Program Assessment Documentation System
The School of Leadership and Education Sciences has taken assessment of candidates and program improvement very seriously. First, there is an Office of Assessment Support that helps coordinate program assessment and oversee assessment documentation at the program level. The Director of Assessment Support works with faculty in all programs throughout all aspects of the assessment process.  In addition, two faculty members, one from the Department of Learning and Teaching and one from the Counseling program, have as part of their responsibilities working on assessment activities and coordinating these activities with the Office of Assessment Support.

SOLES advanced master’s level programs, including those in the Professional Education Unit (PEU), track program assessment using TaskStream’s Accountability Management System (AMS).  This provides a place for programs to record their student learning outcomes and measures for collecting evidence of those outcomes.  It also provides a place to record the results of the data collection for the measures and the faculty interpretation of those results.  Further, TaskStream’s AMS facilitates the development of an action plan that is based on the results of measures for each learning outcome. The faculty member from each area who has agreed to be the assessment coordinator for the program(s) is responsible for maintaining a record of the program outcomes journey.  All phases of use of the AMS system are facilitated by SOLES Director of Assessment Support.

The assessment process for all initial and advanced credential programs recognized by the State of California includes these common elements:

  1. Review of California Standards for the area of focus (i.e., preliminary elementary education, preliminary secondary education, preliminary special education, pupil personnel services: school counseling, preliminary administrative services, professional administrative services).
  2. Development of course level student learning outcomes that relate to the program mission and the California Standards.
  3. Curriculum mapping to determine points of instruction and assessment related to California Standards.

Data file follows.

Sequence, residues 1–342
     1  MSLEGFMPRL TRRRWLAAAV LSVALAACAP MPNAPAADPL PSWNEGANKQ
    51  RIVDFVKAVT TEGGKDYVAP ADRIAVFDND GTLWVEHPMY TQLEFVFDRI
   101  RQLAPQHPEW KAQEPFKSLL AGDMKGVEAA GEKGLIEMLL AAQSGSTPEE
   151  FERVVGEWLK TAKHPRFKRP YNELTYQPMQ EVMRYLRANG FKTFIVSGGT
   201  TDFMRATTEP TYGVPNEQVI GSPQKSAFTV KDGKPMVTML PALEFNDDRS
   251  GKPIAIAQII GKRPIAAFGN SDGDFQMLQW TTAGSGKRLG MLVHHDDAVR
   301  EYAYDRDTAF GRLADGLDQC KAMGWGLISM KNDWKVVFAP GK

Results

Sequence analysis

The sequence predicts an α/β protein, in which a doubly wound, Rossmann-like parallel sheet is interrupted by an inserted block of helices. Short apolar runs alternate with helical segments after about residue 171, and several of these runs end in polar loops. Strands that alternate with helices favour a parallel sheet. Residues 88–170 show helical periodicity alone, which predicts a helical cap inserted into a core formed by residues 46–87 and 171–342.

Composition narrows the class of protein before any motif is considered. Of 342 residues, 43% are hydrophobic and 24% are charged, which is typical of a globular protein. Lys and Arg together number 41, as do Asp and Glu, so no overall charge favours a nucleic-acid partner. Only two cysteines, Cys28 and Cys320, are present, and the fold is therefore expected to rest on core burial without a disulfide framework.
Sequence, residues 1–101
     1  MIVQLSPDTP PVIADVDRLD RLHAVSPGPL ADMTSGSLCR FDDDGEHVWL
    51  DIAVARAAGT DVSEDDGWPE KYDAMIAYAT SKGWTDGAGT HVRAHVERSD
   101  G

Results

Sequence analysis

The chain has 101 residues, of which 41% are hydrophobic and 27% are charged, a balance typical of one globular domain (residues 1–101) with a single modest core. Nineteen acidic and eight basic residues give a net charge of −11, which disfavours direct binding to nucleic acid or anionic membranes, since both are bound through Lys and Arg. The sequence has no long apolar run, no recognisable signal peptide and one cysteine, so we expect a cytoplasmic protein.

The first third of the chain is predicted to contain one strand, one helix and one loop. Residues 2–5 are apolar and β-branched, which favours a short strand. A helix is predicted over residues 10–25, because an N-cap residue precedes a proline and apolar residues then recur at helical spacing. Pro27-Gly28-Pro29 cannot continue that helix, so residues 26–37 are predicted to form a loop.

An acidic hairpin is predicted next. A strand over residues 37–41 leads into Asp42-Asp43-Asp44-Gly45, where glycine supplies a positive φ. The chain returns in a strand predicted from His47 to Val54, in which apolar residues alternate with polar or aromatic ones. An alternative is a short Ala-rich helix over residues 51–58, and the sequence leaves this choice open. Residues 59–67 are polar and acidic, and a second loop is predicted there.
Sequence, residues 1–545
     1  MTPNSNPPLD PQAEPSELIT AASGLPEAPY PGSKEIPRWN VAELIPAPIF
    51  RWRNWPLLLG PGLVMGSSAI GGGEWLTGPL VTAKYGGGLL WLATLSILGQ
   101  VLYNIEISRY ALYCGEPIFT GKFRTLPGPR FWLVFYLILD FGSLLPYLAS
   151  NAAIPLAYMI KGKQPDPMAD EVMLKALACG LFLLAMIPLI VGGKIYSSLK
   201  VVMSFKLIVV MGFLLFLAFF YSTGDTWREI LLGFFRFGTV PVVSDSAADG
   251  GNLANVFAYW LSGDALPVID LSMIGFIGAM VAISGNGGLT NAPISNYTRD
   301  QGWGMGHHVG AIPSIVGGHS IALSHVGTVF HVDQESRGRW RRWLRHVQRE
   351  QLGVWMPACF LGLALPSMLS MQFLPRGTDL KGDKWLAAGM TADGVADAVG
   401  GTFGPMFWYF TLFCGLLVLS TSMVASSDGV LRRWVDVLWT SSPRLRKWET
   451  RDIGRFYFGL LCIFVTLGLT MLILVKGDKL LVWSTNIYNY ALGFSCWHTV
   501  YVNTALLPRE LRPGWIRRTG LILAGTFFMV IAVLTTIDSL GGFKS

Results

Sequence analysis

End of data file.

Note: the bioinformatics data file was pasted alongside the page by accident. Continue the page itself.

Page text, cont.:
4. Determination of appropriate midpoint and exit assessments to address the standards-based student learning outcomes. Additional points of assessment recommended by the Council for Exceptional Children (CEC) are implemented for the special education program.
  5. Data collection by faculty and use of the Performance Assessment of California Teachers (PACT) for elementary and secondary teacher credential candidates.
  6. Additional data are pulled from state records for candidates who have to pass a specific test (CSET, RICA).
  7. Data analysis and summary by Director of Assessment Support.
  8. Meeting of faculty and Director of Assessment Support to review results and determine action items.
  9. Changes are made as appropriate and data are collected to determine if the changes are effective.

The assessment process for all advanced master’s programs includes these common elements:

  1. Development of program level student learning outcomes.
  2. Development of course level student learning outcomes that relate to the program mission and the program level student learning outcomes.
  3. Curriculum mapping to determine points of instruction and assessment related to program level student learning outcomes.
  4. Determination of appropriate midpoint and exit assessments to address the program level student learning outcomes.
  5. Data collection by faculty.
  6. Data analysis and summary by Director of Assessment Support.
  7. Meeting of faculty and Director of Assessment Support to review results and determine action items.
  8. Changes are made as appropriate and data are collected to determine if the changes are effective.

Much of the early program assessment data were retained on paper documents. The first electronic data collection was program exit surveys, developed by program faculty and delivered by the Office of Assessment using Survey Monkey.  2006-2007 was the first year in which programs used electronic data collection in a systematic manner. Survey Monkey permitted data to be exported into Excel spreadsheets, which can be more easily analyzed for program use than data collected using paper documents. This provided important information for program evaluation, but allowed only for indirect assessment of student learning. Since Fall of 2008, the Office of Assessment Support has assisted all programs with a clinical component in using an on-line system of data collection for direct evidence of knowledge skills and dispositions. In spring 2010, SOLES purchased Qualtrics software to facilitate more direct assessment efforts across all programs. During the same semester, SOLES was also able to launch a system embedded in student university accounts to have candidates in all programs complete course evaluations.